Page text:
New Study by Continental suggests, Automated Driving Is Gaining Acceptance Worldwide.
According to a new study carried out by Continental, driver assistance systems and automated driving are gaining acceptance worldwide. In China and Japan, openness to the benefits of automated driving is already high. However, people in Germany, France and the USA appear to have a wait-and-see attitude. Overall, the technological possibilities in automated driving are far more advanced than the current willingness of drivers to use them. However, the situation is different for driver assistance systems – here, there is a consistently high degree of openness in all five countries, especially when it comes to safety-related functions. The latest Continental Mobility Study, in which the social research institute infas surveyed representative samples of around 1,000 people in each of the five countries above regarding their mobility habits.
“The high level of confidence in driver assistance systems indicates that as these become more widespread, confidence in automated driving will automatically grow. Furthermore, our experience has shown that acceptance increases as people get to know and understand the functions in question. Extensive testing is, therefore key. This should be carried out in real-life traffic conditions in order to understand how people interact with the systems. In turn, this will provide important findings that can be incorporated into the further development of the technology,” says Frank Petznick, head of the Advanced Driver Assistance Systems business unit at Continental.
What is clear from the survey is that most drivers tend to sit at the car's wheel out of conviction. Although new technologies are essential to them, fully giving up control is still unimaginable for many people. In Germany, France and the USA in particular, most respondents indicated that they would be reluctant to hand over control of the wheel to technology. More than half of those surveyed in each of the three countries believe that automated driving is useful and a little frightening. This view is particularly noticeable in the USA, where 75 percent of respondents are concerned about the issue – significantly more than in the other countries surveyed. At the same time, this figure has not changed since 2018.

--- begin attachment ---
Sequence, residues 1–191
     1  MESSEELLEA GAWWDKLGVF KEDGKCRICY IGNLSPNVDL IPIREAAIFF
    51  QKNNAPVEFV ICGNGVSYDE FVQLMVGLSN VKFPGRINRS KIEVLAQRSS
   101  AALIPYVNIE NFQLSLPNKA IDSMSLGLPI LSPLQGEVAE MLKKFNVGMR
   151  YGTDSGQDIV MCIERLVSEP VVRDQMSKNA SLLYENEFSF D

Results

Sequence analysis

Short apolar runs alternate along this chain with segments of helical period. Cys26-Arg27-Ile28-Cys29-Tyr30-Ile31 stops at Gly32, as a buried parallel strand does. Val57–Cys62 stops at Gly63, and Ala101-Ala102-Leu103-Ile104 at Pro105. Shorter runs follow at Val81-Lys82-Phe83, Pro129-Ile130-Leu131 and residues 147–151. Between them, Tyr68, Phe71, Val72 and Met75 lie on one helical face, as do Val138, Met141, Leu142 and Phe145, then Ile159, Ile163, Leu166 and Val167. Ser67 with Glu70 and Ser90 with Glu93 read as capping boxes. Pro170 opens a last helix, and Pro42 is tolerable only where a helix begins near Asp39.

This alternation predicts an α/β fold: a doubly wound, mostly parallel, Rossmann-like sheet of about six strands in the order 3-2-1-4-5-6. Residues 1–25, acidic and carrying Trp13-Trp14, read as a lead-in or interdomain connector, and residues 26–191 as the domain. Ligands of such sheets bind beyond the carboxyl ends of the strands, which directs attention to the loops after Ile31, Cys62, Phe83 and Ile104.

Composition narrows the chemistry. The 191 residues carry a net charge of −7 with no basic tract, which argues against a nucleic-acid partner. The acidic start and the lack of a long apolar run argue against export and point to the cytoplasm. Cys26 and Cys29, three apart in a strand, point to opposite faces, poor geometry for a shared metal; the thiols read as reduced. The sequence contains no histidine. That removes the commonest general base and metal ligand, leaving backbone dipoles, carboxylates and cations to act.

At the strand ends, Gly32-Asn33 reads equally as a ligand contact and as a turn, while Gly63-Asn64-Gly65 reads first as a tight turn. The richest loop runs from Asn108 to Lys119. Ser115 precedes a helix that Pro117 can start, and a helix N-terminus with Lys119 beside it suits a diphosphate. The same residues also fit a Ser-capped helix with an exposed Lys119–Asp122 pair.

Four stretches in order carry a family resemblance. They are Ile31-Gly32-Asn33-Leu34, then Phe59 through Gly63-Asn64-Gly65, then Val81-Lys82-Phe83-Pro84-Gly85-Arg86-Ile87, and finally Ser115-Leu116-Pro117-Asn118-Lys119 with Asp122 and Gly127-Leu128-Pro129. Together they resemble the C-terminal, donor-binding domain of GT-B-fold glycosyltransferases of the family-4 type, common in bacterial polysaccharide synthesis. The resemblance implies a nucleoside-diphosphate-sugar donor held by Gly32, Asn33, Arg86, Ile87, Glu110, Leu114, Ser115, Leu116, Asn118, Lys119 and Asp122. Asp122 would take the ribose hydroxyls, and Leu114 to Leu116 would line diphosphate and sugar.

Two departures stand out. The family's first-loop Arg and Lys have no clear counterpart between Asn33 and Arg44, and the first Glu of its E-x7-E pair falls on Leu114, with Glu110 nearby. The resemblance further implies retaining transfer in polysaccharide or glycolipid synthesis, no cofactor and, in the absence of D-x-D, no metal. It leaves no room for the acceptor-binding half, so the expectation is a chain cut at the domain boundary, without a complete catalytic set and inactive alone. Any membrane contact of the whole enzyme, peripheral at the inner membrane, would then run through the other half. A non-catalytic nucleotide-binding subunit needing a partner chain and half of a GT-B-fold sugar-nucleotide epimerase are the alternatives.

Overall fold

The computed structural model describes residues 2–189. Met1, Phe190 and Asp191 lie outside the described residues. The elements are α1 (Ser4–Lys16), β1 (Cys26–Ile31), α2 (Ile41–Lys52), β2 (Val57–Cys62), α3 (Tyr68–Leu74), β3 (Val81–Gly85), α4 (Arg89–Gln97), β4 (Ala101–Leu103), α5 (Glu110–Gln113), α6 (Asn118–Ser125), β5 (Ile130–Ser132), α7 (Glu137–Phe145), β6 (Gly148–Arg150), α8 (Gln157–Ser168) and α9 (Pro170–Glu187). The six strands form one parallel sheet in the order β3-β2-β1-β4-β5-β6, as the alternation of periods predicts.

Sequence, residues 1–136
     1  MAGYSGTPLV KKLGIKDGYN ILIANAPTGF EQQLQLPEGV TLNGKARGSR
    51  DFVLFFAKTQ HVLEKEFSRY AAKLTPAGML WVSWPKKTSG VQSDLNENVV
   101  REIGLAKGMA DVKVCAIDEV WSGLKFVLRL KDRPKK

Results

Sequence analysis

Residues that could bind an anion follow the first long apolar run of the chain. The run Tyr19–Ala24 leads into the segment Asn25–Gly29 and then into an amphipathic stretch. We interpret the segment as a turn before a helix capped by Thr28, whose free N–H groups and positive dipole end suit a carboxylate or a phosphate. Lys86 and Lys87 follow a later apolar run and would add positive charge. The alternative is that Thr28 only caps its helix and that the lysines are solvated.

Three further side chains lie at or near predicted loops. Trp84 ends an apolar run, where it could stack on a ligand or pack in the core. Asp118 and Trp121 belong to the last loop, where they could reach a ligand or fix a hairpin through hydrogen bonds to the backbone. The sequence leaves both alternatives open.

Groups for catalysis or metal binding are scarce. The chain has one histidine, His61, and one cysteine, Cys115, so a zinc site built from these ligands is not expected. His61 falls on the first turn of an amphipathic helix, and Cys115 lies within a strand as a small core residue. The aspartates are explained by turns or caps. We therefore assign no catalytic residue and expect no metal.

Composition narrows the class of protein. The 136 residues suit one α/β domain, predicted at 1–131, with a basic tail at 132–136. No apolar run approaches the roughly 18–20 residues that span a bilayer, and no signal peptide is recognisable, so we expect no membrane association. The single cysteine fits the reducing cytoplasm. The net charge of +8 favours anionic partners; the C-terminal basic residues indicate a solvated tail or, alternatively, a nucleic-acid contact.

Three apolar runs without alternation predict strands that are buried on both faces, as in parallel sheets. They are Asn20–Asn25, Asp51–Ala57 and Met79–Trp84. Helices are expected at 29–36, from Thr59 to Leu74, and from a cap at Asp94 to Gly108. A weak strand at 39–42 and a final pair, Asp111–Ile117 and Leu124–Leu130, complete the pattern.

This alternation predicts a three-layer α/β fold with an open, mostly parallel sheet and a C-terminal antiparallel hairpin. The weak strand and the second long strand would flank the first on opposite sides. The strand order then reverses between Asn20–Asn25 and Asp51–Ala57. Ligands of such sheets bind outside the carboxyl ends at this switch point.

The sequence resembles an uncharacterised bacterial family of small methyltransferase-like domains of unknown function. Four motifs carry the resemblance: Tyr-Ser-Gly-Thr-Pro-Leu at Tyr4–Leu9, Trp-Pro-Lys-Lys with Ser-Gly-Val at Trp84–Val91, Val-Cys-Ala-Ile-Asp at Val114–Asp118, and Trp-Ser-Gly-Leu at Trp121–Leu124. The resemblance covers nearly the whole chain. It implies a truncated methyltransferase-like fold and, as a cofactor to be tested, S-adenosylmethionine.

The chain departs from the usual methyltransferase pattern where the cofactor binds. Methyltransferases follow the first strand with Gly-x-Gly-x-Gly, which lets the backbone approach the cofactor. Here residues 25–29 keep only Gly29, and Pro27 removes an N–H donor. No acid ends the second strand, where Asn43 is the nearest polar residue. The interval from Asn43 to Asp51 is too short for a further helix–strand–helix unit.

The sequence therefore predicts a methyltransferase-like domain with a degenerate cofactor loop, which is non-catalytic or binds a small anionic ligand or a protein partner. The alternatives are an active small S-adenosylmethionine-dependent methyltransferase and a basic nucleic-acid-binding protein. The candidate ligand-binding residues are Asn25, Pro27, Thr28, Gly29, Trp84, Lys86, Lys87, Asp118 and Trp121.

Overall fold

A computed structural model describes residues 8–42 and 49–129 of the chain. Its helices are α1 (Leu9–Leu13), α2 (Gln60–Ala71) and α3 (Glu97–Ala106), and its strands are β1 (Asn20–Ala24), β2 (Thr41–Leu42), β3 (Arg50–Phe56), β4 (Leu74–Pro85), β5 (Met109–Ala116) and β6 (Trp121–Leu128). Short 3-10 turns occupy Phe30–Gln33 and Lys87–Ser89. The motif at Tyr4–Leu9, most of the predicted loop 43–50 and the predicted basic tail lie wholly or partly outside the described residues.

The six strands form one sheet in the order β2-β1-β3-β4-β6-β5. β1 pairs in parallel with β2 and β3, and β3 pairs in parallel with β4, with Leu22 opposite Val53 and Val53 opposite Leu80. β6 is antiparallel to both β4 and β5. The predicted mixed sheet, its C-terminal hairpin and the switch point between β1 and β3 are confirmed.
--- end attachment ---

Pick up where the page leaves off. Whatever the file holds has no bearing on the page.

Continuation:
The large contrast compared to the Far East is striking. In China and Japan, people have much more positive view of technology. For example, 91 percent of respondents in China and 82 percent in Japan consider automated driving a useful development. In addition, 79 percent (China) and 67 percent (Japan) expect the technology to become a permanent feature of everyday road traffic in the next five to ten years.
There is a lot of agreement across the countries regarding the current arguments against automated driving: in all countries, around 80 percent of respondents say that legislation has not created a relevant framework for technical development on the manufacturer side. They also argue that policymakers should establish central guiding principles for use in daily road traffic.
Continental says it is driving forward research and development in the area of assisted and automated driving – intending to make the mobility of the future along with its new functions and services more secure, environmentally friendly and driver-centred. The technology company currently occupies a strong position in developing advanced driver assistance and automated driving systems. In the period from 2018 to 2020, Continental says it has received orders amounting to more than €9 billion. In addition, Autonomous Mobility, an independent business area within the organization, will be dedicated to the future topic of automated and autonomous driving from 2022.
The focus will also be on components and systems for driverless taxis. These are being tested in public spaces as part of municipal collaborations, such as at the Bavarian garden show in Lindau since spring and as a field trial this summer in Tokyo, and in the fall in advance of the ITS World Congress in Hamburg with the Continental Urban Mobility Experience (CUbE) test platform. Frank Petznick: “It is precisely such approaches that make the possibilities of automated driving more tangible for people and further build confidence in the technology.”
Distinct openness to new comfort and safety functions
There is no lack of general openness to technology among the people in the five countries surveyed. In fact, most of those in Germany, France, the USA, China, and Japan are already open to handing over subtasks such as parking completely to assistants or being supported in traffic by technology, for example, by a turn assist system. People in China (91 percent) appreciate right-turn assist systems that specifically protect cyclists and pedestrians from turning vehicles. However, there is also a great deal of interest in this development in the other four countries surveyed – more than 70 percent of all respondents would like to use a turn assist system in road traffic. In Japan, the deciding factor here is price.
In comparing the five countries surveyed, the idea of fully handing over parking to an autonomous assistant is found to be particularly appealing in China (more than 90 percent). Although between 62 and 64 percent of respondents would like to use this technology in Germany, France, the USA, and Japan, their decision depends on the price of the driver assistance system. In China, price plays a role for only five percent of respondents, while the corresponding figure is 21 percent in Japan.